The open source OpenStack cloud platform is the basis for a number of cloud Infrastructure-as-a-Service (IaaS) distributions from different vendors. Enterprise Linux leader Red Hat is one such distribution vendor and is currently building out its first production release of Red Hat OpenStack Enterprise.
Red Hat's OpenStack distribution isn't just about the upstream project, though; it's also about integration with Red Hat's existing Linux platform tools.
"We're integrating with all our of our provisioning tools," Red Hat CTO Brian Stevens told Server Watch.
Steven noted that even in the regular Linux world, when customers are managing more than 50 systems, that's when they need automation systems to help with deployment, configuration and patching. Red Hat Satellite is the company's core tool for Red Hat Enterprise Linux (RHEL) management today. The plan is to have OpenStack fit into the same model.
"So with Satellite you can configure OpenStack nodes whether they are Nova nodes or Swift nodes," Stevens said. "So the provisioning system that does RHEL will now do the complete system for OpenStack as well."
In Stevens view, OpenStack is not necessarily about being a net new technology but rather is an orchestration layer for compute. He noted that the compute stack is just RHEL together with the KVM hypervisor and an existing set of applications.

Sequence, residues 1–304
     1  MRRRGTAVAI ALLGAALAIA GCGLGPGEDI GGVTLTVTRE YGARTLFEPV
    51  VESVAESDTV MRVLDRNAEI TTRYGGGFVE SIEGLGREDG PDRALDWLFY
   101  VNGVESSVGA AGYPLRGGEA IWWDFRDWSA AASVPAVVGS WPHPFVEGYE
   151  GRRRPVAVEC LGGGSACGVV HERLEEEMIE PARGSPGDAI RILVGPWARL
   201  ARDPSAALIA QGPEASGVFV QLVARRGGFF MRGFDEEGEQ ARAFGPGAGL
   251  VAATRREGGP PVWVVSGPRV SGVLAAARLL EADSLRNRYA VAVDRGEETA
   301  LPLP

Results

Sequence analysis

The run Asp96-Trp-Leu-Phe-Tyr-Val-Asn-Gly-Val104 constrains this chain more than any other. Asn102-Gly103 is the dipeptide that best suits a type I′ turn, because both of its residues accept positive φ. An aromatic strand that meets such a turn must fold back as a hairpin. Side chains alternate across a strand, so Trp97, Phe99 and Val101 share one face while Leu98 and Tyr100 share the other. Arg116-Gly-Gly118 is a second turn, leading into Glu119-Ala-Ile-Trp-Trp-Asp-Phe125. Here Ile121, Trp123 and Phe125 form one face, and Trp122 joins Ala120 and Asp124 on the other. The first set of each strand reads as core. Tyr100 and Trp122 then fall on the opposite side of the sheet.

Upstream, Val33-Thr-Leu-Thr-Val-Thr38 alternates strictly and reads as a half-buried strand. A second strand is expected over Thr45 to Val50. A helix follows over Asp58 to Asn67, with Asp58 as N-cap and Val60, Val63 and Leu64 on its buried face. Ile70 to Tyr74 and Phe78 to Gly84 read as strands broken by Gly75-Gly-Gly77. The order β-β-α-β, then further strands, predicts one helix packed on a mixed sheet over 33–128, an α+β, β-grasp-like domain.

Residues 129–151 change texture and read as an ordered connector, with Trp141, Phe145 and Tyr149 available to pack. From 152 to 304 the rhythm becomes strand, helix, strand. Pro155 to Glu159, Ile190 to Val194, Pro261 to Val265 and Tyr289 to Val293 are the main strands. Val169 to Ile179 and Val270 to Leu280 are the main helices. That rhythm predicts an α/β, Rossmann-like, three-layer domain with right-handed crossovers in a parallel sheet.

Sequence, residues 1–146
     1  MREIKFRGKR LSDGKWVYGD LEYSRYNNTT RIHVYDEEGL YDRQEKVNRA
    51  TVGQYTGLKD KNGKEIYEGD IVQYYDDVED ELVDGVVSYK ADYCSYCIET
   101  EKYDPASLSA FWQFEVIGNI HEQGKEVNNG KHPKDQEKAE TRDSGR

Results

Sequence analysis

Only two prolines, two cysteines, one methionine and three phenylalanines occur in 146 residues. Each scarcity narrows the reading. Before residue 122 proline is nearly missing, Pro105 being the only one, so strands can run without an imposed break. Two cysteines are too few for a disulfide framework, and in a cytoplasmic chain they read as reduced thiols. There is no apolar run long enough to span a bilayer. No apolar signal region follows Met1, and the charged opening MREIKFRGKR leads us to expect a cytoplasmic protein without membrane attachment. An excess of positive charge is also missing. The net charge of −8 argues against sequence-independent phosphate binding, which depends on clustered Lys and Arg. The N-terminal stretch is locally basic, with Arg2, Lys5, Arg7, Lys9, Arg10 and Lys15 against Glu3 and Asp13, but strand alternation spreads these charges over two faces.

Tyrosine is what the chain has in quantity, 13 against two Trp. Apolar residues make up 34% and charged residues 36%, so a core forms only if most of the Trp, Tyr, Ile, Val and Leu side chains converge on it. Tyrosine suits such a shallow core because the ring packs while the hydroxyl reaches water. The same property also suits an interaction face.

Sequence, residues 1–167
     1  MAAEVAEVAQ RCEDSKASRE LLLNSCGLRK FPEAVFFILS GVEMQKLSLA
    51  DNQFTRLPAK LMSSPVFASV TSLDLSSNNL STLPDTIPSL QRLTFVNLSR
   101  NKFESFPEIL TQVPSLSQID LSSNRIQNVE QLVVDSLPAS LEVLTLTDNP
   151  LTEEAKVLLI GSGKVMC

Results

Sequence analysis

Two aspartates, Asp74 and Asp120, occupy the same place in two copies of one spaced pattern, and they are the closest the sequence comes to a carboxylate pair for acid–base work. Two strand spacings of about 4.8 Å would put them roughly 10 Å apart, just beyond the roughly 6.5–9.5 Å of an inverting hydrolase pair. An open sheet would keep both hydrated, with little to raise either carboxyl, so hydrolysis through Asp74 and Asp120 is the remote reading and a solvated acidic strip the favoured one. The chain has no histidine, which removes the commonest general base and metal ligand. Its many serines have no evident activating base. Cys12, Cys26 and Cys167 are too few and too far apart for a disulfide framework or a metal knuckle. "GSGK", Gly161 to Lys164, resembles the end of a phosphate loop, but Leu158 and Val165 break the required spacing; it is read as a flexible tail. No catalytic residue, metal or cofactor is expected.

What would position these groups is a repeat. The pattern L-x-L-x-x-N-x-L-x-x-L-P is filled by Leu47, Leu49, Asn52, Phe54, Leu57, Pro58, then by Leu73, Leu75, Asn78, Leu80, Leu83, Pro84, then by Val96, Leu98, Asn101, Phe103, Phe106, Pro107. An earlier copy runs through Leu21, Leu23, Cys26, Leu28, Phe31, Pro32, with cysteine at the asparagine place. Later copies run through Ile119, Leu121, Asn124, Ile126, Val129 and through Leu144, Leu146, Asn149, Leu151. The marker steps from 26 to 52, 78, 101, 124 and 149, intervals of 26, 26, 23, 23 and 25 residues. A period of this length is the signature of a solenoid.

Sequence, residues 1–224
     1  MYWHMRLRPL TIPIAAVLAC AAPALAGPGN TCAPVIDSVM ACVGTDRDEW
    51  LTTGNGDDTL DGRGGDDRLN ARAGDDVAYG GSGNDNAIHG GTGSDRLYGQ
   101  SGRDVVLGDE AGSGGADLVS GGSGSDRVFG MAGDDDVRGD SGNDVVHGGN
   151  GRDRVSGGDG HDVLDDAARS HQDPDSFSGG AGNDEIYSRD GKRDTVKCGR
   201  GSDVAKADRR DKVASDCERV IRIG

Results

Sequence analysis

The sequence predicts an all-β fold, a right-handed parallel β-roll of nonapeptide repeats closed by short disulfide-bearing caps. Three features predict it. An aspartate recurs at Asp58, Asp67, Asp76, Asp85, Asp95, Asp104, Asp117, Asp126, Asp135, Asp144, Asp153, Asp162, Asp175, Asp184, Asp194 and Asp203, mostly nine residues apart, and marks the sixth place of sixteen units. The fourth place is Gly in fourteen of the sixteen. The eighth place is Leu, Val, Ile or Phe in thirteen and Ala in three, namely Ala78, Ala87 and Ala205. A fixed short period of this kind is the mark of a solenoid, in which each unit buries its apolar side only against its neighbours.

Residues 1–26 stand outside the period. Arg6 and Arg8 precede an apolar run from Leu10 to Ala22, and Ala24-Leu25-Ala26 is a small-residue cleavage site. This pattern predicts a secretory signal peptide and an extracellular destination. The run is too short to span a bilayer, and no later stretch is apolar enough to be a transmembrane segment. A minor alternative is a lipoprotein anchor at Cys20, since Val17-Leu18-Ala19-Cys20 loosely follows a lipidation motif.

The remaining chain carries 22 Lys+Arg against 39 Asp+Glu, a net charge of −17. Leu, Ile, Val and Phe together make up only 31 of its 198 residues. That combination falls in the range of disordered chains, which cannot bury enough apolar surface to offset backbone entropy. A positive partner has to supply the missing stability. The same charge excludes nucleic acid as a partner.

Red Hat also plans on bringing other components of its cloud strategy together with OpenStack. Among them is the OpenShift Platform-as-a-Service (PaaS) technology as well as the CloudForms for cloud portability.
Stevens explained that with CloudForms, administrators get management tools for permissions and resource control as well as user quotas.
The next major release will be called Grizzly, although Red Hat is still figuring out how they plan on offering multi-year support for customers.
"If we put a customer in production on Folsom, what's the expectation now for support? Is it three years? Is it ten years?" Stevens said. "How do the customers transition to Grizzly and when do they have to do that?"
With the rapid cycle of innovation in OpenStack, answering the multi-year support question is not easy. In Steven's view, the challenge of multi-year support with a rapidly evolving OpenStack is similar to the early days of Linux back in 2002.
"It's just trying to figure out the right cadence for support," Stevens said. "Maintaining code comes at great cost, and you also have to have the support of the upstream development teams."